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Dr. Kim Mulvihill Reporting If you have a particular gene mutation, called BRCA, you are at a much higher risk for breast and ovarian cancer. Until now, doctors only tested women for this gene if they had a family history of breast cancer, but a new study says family history may not tell the whole story.
Even though men don't often get breast cancer, dads can pass this gene along to their kids. Contrary to current practice, many breast cancer patients with no family history should be offered genetic testing.
Breast cancer survivor Michele Rakoff said, "I had no family history and I didn't expect to be diagnosed with breast cancer, but I went for my first mammogram and sure enough they found a small cancer."
Michele was just 40 when she got breast cancer. Since she didn't have a family history, doctors would not assume she had the breast cancer gene. Typically only women with a strong family history, where at least three female relatives have had the disease, are tested. A new study suggests that recommendation should change.
Jeffrey Weitzel, M.D., says, "We want to be sure to offer testing to all women who had early onset breast cancer, despite the lack of a family history."
Researchers analyzed the genetic tests of more than 300 women who were diagnosed at an early age with breast cancer. Among those with strong family histories, only five percent tested positive for the mutation. Among those with no family history, 14 percent tested positive.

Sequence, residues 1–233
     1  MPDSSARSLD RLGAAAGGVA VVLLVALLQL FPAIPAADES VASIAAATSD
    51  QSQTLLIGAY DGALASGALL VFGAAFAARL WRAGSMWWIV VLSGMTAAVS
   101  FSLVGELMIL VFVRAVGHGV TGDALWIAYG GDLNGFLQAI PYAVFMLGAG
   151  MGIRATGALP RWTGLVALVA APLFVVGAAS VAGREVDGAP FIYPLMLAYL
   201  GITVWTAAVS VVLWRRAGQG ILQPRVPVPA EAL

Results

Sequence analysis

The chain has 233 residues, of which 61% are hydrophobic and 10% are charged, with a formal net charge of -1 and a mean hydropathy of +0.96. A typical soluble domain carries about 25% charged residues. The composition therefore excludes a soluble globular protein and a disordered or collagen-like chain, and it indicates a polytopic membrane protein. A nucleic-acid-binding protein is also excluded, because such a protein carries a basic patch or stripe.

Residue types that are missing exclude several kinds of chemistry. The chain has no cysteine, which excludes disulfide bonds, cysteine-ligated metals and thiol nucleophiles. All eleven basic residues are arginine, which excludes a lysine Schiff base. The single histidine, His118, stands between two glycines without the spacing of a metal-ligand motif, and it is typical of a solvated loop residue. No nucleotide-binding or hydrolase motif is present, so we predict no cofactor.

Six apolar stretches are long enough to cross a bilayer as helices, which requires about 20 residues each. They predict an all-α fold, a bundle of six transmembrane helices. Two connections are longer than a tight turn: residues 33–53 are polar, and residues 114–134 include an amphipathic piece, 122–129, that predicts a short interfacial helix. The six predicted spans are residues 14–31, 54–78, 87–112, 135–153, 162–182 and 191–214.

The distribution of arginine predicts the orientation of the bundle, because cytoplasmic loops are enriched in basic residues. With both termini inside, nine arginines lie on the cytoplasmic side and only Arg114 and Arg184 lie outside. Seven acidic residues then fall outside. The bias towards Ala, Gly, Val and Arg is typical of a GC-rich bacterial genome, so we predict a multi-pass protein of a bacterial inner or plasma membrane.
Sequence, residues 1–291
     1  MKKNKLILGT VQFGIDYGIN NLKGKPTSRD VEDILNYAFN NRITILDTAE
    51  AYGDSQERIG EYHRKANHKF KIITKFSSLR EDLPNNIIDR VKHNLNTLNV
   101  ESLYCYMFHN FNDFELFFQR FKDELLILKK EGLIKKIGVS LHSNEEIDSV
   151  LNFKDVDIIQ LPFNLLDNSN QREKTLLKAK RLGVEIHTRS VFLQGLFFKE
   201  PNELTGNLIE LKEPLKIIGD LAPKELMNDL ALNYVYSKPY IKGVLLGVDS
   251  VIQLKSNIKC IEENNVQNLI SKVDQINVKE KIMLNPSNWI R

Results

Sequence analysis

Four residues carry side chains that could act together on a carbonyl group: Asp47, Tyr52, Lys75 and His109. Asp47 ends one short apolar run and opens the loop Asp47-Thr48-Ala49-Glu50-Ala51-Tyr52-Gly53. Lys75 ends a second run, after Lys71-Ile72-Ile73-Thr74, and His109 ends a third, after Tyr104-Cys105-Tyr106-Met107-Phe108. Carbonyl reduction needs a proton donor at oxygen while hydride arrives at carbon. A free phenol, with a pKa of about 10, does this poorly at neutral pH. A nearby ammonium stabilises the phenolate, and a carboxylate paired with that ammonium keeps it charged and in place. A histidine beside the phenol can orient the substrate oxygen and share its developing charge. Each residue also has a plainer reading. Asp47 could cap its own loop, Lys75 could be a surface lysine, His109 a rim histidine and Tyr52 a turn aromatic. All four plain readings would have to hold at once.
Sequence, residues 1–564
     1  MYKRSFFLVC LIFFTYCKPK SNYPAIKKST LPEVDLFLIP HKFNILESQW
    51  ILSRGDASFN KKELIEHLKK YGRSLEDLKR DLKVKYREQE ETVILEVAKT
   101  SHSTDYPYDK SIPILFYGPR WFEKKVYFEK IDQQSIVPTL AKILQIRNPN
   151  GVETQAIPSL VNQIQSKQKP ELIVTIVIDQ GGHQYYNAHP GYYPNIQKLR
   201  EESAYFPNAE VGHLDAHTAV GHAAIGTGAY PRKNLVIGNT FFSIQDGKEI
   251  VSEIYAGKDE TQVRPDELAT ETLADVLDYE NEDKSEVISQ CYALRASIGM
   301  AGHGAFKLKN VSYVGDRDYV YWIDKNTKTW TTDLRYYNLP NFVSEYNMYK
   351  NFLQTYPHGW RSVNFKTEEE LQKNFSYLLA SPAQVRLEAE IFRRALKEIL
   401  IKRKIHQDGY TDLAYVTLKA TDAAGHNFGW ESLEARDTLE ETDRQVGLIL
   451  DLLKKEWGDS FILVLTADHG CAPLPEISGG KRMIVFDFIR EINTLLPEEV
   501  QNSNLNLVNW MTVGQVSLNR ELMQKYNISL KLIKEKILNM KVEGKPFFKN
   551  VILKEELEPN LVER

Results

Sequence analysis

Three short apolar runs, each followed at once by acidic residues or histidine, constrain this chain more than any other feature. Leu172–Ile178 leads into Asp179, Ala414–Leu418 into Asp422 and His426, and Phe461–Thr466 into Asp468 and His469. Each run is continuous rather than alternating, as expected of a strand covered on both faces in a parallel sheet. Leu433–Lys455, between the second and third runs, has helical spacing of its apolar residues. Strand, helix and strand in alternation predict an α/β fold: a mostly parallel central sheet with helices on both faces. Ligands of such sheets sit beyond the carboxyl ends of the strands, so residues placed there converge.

"What we showed was that if you had a limited family structure, not enough women in the family to help see the trait, that you were three times more likely to be a carrier," Dr. Weitzel said.
That's important because if doctors know you have the gene, they know to treat the cancer more aggressively and to watch out for ovarian cancer.
Michele Rakoff had the genetic test, and did not have the gene, but she is now an advocate for breast cancer patients. She says, "We need to make sure that women are aware that you can get a genetic mutation through the line of your father as well as your mother."
Dr. Weitzel agrees, and says if you're diagnosed with breast cancer under age 50, getting a genetic test could help save your life.
Among all women with breast cancer, only one in 20 has the breast cancer gene, but among younger breast cancer patients, that percentage is higher. Women who have the gene are more likely to get a second cancer in the other breast, and more likely to get ovarian cancer.